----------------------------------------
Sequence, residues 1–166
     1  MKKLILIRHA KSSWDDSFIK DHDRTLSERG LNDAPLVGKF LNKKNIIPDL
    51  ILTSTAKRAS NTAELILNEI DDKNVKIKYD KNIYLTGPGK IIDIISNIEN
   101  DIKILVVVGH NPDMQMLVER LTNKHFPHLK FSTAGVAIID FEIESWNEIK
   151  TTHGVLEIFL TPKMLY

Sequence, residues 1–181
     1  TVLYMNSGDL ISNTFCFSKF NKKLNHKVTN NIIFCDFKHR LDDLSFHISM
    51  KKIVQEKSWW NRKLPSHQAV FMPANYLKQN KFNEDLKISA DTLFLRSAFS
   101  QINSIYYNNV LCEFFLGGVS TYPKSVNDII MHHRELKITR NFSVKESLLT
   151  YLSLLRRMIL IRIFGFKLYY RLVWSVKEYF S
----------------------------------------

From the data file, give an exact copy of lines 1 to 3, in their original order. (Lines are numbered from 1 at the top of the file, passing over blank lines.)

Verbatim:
Sequence, residues 1–166
     1  MKKLILIRHA KSSWDDSFIK DHDRTLSERG LNDAPLVGKF LNKKNIIPDL
    51  ILTSTAKRAS NTAELILNEI DDKNVKIKYD KNIYLTGPGK IIDIISNIEN